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Plague is a disappointing entry into Michael Grant's 'Gone' Saga set within the confines of the F.A.Y.Z (Fallout Alley Youth Zone). The F.A.Y.Z is a 20 mile section of an American coastal town that was one day entombed within a strange barrier. Everyone over the age of 14 vanished, and the kids inside started to develop strange new powers.
Plague is set directly after the events of the last book Lies and sees Astrid struggling to comprehend the meaning behind the momentary disappearance of the F.A.Y.Z wall when her little brother Petey lost his concentration. Now everyone in town is beginning to suspect what Astrid already knows; that this autistic child may be the most powerful freak in the F.A.Y.Z and that his powers may have caused the dire situation in the first place. Some people even begin to speculate that killing Little Petey could bring down the F.A.Y.Z wall; one act of murder to save so many lives.
Meanwhile Sam has been sent on a mission into the local mountains to find a fresh water source before the lake they have been using runs dry. Water is desperately needed as the flu season has arrived, but; this being the F.A.Y.Z, the flu has mutated into a deadly new disease that few could survive. Little Petey is one of the victims of this disease, and so lies helpless as others contemplate his fate.
Matters are further complicated when a new species of bug is discovered that grows inside; and then eats its way out of, any human unfortunate enough to be bitten by one of them. These bugs have adapted to life in the F.A.Y.Z and as such have developed a hard shell that can reflect even Sam's killing rays.
As a story itself Plague has a lot of potential. Once again it becomes an emotional experience as Dara struggles to cope in her role as the town Doctor. She's been given a medical book and expected to cope as children start dying around her. It is an interesting new development that adds to the drama of the F.A.Y.Z nicely.
Other characters are further developed as Caine and Dianna settle down and contemplate their future on an isolated island together. Astrid contemplates her own morality and begins to question the strong faith in God that has held her together during the F.A.Y.Z, and Sam struggles to balance his need to be a hero with his growing hormones and desire to be left alone.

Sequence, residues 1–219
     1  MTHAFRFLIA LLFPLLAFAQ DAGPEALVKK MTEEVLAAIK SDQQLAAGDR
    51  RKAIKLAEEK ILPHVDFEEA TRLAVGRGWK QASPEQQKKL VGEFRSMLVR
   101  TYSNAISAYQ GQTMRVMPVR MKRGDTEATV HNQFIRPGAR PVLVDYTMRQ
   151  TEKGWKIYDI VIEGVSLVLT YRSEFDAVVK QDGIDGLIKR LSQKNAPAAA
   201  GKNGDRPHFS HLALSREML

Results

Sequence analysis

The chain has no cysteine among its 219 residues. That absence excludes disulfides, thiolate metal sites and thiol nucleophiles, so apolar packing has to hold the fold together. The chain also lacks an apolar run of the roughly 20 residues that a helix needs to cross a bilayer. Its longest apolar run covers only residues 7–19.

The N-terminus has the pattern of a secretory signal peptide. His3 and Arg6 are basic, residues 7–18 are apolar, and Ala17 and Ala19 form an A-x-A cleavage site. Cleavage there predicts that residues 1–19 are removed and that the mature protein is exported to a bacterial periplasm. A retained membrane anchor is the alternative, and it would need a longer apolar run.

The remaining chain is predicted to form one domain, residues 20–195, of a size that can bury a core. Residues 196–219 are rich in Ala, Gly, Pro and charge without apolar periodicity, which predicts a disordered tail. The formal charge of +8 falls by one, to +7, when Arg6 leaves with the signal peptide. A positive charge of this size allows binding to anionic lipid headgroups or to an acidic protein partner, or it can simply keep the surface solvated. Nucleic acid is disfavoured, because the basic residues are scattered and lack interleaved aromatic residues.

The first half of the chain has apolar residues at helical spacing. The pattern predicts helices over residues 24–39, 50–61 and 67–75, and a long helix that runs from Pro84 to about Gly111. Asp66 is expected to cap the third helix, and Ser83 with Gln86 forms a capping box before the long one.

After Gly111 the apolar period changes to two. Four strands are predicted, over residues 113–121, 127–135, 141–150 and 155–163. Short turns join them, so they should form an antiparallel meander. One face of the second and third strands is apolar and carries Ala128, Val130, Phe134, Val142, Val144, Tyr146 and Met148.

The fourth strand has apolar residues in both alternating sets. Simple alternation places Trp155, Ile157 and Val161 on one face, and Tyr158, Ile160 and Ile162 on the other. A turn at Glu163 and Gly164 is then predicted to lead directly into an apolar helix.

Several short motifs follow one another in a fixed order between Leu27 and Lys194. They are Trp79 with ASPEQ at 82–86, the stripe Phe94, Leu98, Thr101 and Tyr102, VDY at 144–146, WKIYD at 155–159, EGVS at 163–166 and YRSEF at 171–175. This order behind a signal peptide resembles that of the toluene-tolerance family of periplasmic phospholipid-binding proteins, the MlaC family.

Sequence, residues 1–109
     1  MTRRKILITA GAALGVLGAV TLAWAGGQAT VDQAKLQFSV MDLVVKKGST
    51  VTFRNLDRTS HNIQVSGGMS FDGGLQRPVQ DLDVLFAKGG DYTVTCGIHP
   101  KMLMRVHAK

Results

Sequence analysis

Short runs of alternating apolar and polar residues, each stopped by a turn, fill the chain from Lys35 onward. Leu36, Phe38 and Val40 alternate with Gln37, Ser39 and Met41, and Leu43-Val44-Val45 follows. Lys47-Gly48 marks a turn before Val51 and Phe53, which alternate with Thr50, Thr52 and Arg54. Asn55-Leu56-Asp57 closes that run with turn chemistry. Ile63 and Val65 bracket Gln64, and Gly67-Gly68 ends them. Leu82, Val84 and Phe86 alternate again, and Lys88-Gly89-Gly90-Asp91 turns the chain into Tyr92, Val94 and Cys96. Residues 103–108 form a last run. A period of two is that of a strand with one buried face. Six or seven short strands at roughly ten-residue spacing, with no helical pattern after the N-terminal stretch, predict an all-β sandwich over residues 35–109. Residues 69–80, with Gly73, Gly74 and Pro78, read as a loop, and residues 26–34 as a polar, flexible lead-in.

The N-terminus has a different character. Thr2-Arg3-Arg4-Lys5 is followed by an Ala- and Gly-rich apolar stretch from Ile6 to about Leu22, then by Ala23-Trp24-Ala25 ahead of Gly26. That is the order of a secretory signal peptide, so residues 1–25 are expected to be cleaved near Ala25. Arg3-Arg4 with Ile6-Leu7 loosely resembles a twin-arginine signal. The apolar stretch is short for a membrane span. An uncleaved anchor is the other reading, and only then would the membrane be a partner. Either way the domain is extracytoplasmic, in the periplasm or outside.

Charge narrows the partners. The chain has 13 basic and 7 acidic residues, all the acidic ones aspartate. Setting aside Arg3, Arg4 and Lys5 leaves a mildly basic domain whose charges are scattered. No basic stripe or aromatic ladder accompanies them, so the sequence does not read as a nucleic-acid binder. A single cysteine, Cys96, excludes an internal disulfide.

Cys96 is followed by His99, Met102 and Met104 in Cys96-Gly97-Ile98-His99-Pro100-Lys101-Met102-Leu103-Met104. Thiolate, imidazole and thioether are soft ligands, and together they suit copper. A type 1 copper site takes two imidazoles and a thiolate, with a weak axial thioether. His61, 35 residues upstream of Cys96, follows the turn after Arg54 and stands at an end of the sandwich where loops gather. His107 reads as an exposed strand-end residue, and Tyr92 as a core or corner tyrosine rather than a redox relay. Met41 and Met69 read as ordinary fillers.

One character that I was particularly interested in through this book was Little Petey. As he lies in his near comatose state you are treated to chapters dedicated to Petey and his autistic view of both the F.A.Y.Z and his battles with the Gaiaphage. I was hooked in these chapters and personally can not wait to see where Grant takes the characters.
So overall I was pleased by a story itself that grew its characters well, featured another scary showing from Drake, and developed some unique themes for the kids of the F.A.Y.Z to explore. So why do I describe it as disappointing?
The answer is simple enough. Plague is; at times, a very violent book. There have always been unpleasant things occurring within the F.A.Y.Z, but in this entry Grant takes things way too far. I don't necessarily mind any of the ideas introduced, but Grant's portrayal of them goes a little too far. He describes things like kids being cut in half, or bugs bursting out of them, with the kind of sadistic glee that I would normally associate with someone like Quentin Tarantino. It reached a point where I very nearly gave up on the series as a whole; if not for the fact that I researched it and found that things should calm down a little in the last two books, as I found parts of the book so unpleasant.
I'd be lying if I claimed that the characters, story, and action packed narrative are not as much fun as ever. They are! Plague is another intense adventure in the world of the F.A.Y.Z, but one that is hurt by an unnecessary obsession with being dark. It's just too gruesome for a young adult novel, and that really does spoil the entertainment you can take from the book!